Georgia Enforces Non-Competes

Nov 17, 2010

On November 2, 2010 Georgia voters approved a stunning 180-degree change in their state Constitution. The one-sentence ballot measure (Amendment 1) was simple enough:

Shall the Constitution of Georgia be amended so as to make Georgia more competitive by authorizing legislation to uphold reasonable competitive agreements?

By voting “Yes”, a majority of Georgia voters upended the state’s strict prohibition against enforcement of employment agreement “non-competes.”  In doing so, they breathed life into the Official Code of Georgia, Sections 13-8-2.1 and 13-8-50 to 59.

This new series of laws states that Georgia state and federal courts are required to enforce any “reasonable” post-employment restrictive covenant (restraint against an ex-employee).  There must be no “extreme hardship” to the ex, and the covenant (contractual promise) must be “not so clearly unreasonable and overreaching in its terms as to be unconscionable” (shocking to the conscience). What’s “reasonable”, “extreme hardship”, “unreasonable”, “overreaching” and “unconscionable.” will be up to the courts to decide on a case-by-case basis.

However, now placement businesses in Georgia will be able to obtain:

  1. Injunctive relief. This is designed to stop the ex-employee from competing. The three procedural devices (court processes) to do this are an immediate Temporary Restraining Order (TRO), a Preliminary Injunction (pending a trial) and a Permanent Injunction (at the time of trial).
  2. Compensatory damages. Compensation (money) to reimburse the owner for a documented loss of placement fees, loss of candidates, loss of clients, loss of future business, and loss of any other thing else that can be quantified into a dollar amount.
  3. Punitive damages. Money in an unlimited amount in the discretion of the judge or jury to punish the competing ex.
  4. Exemplary damages. Money in an unlimited amount in the discretion of the judge or jury to set an example of the competing ex so other recruiters won’t engage in similar conduct.
  5. Attorney’s fees and court costs. These are often high, because these lawsuits are complicated legally and factually.

What placement businesses in Georgia won’t be able to obtain are:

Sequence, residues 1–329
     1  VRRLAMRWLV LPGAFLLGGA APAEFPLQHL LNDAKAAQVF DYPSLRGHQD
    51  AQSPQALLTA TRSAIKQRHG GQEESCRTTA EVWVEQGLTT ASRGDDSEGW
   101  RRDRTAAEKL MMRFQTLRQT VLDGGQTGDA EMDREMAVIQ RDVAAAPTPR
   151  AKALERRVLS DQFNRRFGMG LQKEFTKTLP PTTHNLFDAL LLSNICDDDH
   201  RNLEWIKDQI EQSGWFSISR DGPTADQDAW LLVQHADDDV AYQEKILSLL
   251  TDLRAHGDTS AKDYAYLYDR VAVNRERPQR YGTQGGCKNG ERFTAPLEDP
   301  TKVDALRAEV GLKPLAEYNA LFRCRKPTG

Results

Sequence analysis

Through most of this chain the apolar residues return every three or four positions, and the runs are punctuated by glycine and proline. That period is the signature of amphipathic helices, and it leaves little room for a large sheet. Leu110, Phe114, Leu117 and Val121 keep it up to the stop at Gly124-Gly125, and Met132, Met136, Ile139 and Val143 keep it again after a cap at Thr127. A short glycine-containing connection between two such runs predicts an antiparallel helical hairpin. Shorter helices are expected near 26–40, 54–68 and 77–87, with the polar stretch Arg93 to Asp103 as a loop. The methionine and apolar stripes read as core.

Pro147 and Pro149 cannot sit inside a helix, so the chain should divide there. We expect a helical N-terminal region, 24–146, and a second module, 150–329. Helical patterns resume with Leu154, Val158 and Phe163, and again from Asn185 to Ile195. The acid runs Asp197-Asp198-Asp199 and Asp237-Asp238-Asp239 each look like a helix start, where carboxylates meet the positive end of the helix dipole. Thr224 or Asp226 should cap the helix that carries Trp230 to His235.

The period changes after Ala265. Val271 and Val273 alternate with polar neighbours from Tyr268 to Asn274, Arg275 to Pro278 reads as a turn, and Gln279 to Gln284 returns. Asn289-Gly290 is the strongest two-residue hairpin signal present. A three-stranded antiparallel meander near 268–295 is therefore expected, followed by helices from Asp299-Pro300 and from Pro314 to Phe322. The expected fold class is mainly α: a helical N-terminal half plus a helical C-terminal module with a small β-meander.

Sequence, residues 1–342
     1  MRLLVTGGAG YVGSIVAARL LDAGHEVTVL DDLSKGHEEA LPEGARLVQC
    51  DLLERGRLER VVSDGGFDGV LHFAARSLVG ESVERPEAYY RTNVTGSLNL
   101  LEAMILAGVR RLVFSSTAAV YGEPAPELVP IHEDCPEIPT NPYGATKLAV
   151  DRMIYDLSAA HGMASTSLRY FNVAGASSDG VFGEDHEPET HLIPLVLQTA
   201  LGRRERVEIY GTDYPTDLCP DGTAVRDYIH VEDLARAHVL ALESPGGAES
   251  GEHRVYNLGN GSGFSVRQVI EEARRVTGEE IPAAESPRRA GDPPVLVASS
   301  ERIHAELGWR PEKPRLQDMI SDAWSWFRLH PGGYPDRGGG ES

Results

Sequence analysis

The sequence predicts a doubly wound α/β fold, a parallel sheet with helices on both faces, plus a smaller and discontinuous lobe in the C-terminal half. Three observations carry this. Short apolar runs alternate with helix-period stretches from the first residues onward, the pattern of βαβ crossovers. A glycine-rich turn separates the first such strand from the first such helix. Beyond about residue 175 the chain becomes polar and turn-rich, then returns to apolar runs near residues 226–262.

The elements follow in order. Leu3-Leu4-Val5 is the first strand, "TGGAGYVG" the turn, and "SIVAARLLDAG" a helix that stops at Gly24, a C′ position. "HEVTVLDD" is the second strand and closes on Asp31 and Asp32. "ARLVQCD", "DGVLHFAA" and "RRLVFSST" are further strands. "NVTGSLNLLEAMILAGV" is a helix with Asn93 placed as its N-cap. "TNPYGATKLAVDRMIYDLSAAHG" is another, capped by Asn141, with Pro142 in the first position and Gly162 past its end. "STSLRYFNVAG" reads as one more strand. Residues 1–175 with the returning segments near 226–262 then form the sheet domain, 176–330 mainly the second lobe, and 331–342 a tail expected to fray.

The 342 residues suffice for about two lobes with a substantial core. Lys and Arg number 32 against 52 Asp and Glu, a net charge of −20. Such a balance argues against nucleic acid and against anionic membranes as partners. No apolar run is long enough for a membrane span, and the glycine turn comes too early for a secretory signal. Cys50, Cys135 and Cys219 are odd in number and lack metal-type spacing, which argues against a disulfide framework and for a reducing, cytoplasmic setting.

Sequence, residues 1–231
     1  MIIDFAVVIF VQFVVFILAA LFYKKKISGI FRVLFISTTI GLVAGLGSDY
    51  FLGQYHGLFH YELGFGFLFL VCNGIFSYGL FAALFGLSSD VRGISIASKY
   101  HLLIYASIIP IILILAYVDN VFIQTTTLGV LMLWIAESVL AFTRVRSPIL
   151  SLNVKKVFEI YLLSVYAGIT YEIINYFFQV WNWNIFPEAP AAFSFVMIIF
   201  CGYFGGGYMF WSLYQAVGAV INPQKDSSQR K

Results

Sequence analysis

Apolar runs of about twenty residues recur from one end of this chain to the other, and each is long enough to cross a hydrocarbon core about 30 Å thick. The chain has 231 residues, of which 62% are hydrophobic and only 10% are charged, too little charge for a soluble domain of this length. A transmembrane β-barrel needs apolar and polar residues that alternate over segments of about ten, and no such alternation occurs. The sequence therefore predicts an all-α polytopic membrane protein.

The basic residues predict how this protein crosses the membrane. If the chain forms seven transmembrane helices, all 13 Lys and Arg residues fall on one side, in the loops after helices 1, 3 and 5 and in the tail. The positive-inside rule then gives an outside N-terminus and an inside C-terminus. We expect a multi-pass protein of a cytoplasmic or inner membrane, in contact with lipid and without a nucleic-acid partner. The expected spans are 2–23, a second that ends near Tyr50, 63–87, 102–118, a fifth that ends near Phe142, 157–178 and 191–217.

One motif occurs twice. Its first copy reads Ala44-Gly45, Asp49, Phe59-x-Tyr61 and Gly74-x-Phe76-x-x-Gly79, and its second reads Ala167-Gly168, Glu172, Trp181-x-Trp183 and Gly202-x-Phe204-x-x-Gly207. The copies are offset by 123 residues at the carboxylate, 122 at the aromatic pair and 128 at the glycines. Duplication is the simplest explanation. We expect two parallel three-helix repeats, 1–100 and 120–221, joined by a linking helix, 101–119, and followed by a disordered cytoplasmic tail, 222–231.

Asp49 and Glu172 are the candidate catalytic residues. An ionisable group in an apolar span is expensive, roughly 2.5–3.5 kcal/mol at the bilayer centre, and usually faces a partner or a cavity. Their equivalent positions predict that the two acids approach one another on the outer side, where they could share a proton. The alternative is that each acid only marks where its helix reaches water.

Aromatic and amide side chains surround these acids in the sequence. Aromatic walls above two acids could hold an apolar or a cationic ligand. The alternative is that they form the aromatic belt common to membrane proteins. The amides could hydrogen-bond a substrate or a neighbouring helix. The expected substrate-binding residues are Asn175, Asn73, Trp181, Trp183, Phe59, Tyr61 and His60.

1. Enforcement of their existing agreements. The new laws don’t apply to any agreements executed prior to January 1, 2011.
  2. Redrafting of their agreements by the courts. Although the new laws give the courts the authority to blue pencil (modify) the terms of agreements that are deemed too restrictive (usually as to scope of activities, length of proscriptive time or distance), don’t count on it. Judges are busy, employment agreements are disfavored (ex’s have no choice in signing them and they prevent future moneymaking), and ex’s cry in court. Authorizing courts to rewrite the wrongs is a judge joke that makes litigators laugh.

Long-time Fordyce readers will remember when I wrote California Business and Professions Code, Section 16607 in 1973. By having it enacted into law, we expanded the rights of placement business owners. (A Georgia-type law in California prohibited enforcement of restrictive covenants.)  Section 16607 still blasts the placement pavement like a 220-volt jackhammer.

We win because we fortify the law. We use properly-drafted, industry-specific, state-specific, constantly-updated agreements. If this sounds like yours, keep it. But fair warning — fully 80% of the agreements are unenforceable. Many even illegal! How do you know? When do you know? When you try to enforce it? N-n-n-not so good.

In most cases, you’d be better off turning the pages upside down and writing on the blank sides. At least you’d be saving a tree. I don’t care how many lawyers the firm had or whether you copied that agreement from someone who’s in a franchise. (Yes, I know who. No, I won’t report you. But when did they get it?)

Stop kidding yourself about this now, and get that agreement checked by a competent plaintiff’s employment litigator. The operative words here are “plaintiff’s”, “employment” and “litigator.” Miss any of the three and you can save your free consultation fee.

Be sure not to use a transactional lawyer who drafts agreements and related gobbledygook for “transactions.” These folks are like the people in your office who spend their time doing everything – anything – but cold-calling for job orders and candidates. Oh, they talk the talk. Oh, how recruiters and lawyers can talk.

You can usually tell if someone’s a transactional lawyer because they’re nicer. Unless the litigator just won a case. But how do you know whether he’s always that way? It’s a big problem – unless you’re a recruiter.

Do what you always do. Ask around. Another way is to stake out his office and follow him when he drives away. If he keeps driving to courthouses (and returning – they have holding cells there), he’s your guy. This is because your lawyer must be inside courtrooms litigating employment law cases now. Otherwise, he doesn’t have the current, real-world experience to even draft the words “Recruiter Employment Agreement.” (Bad enough he doesn’t know the difference between a job order and a fee schedule.)

For much more free information on this subject, go to and click on the “Placements and The Law” button.

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